AFA 2005 Philadelphia Meetings Paper
Using a unique sample of commercial loans and mergers between large banks, this paper provides microlevel (within-county) evidence linking credit conditions to economic development and finds a spillover effect on crime.
The findings suggest neighborhoods that experienced more bank mergers are subjected to higher interest rates, diminished local construction, lower prices, an influx of poorer households, and higher property crime in subsequent years. The elasticity of property crime with respect to merger-induced banking concentration is 0.18 in the researchers’ results.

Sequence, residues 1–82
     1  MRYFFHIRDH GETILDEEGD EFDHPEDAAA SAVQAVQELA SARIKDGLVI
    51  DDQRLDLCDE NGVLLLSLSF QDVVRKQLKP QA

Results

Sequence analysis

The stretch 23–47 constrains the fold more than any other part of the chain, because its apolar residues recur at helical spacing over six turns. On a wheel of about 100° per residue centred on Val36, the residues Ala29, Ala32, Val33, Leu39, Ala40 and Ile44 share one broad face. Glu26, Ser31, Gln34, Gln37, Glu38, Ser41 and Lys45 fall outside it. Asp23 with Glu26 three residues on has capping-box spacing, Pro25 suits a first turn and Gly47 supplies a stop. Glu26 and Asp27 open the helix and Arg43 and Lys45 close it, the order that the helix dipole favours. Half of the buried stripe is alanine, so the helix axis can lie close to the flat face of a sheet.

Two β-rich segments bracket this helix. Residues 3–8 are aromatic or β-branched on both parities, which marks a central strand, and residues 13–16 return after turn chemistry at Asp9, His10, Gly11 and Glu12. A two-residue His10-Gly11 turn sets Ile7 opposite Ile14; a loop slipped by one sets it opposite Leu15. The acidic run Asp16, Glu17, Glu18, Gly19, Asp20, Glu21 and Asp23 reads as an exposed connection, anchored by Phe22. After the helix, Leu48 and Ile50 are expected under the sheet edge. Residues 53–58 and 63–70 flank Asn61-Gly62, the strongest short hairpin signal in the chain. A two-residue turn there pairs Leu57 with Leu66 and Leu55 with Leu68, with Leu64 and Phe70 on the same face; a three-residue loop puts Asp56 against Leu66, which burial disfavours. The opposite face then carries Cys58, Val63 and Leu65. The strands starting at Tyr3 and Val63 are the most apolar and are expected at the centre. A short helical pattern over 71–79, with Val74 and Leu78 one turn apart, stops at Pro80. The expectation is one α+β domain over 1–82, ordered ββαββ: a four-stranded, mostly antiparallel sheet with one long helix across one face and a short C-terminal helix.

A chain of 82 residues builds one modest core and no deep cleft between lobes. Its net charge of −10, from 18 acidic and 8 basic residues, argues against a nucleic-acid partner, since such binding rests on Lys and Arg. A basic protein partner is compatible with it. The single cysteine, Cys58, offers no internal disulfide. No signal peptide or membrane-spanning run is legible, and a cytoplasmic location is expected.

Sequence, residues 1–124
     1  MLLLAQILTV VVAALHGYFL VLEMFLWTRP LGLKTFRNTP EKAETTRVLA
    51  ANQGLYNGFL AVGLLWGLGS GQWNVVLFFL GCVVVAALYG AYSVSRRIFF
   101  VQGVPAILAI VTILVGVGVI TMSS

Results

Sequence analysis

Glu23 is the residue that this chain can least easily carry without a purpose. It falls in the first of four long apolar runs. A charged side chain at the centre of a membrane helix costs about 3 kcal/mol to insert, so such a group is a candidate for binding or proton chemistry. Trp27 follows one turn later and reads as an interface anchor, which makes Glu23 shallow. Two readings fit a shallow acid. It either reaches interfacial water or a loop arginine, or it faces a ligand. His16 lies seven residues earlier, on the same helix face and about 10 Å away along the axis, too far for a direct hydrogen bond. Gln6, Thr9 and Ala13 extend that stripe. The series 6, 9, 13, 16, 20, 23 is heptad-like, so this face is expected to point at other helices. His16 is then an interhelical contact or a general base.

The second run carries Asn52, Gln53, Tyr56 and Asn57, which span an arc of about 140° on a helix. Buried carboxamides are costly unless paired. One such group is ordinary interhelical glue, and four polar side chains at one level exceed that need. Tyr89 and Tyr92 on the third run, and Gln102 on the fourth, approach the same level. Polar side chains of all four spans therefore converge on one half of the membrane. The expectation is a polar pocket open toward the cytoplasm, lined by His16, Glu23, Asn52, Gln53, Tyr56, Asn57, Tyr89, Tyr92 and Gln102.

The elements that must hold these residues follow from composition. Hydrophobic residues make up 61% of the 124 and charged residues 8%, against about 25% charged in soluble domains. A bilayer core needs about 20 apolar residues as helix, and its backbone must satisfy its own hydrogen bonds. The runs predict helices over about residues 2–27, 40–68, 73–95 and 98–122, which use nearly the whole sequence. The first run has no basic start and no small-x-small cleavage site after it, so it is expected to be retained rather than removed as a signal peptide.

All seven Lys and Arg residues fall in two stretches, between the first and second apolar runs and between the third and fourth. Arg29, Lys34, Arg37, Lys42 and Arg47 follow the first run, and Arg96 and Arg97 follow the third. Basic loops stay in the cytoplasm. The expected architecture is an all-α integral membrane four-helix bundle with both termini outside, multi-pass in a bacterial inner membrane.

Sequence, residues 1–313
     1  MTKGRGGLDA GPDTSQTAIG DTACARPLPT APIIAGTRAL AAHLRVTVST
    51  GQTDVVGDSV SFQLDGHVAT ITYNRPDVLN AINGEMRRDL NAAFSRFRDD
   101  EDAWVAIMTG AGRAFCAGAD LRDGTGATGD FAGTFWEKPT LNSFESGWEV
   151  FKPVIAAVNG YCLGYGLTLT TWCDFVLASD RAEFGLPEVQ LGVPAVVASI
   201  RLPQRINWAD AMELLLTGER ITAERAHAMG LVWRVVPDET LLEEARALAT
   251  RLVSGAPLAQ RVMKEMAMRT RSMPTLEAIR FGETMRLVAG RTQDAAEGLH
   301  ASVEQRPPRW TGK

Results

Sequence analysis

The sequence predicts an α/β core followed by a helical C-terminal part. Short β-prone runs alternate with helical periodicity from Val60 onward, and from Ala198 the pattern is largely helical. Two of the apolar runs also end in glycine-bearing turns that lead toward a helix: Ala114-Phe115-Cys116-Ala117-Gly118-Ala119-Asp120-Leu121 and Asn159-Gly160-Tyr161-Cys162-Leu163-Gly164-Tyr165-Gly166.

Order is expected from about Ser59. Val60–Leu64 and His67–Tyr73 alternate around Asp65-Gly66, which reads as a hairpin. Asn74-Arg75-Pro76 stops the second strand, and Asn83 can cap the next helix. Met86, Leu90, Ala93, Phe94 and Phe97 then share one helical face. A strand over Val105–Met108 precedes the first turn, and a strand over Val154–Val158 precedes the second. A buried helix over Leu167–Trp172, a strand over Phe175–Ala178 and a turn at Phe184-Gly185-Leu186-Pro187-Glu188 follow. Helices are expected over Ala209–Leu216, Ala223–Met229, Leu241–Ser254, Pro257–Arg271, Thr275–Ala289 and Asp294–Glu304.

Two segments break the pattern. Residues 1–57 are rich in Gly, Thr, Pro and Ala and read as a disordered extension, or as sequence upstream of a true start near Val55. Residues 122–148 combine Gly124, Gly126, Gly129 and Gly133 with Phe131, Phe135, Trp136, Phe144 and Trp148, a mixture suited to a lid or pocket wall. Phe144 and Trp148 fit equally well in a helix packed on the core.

The authors report that in the years immediately following deregulation of branching restrictions within a state, they found decreases in banking concentration, loan rate reduction, increasing loan provision, rising prices and real activity, and declining crime rates.
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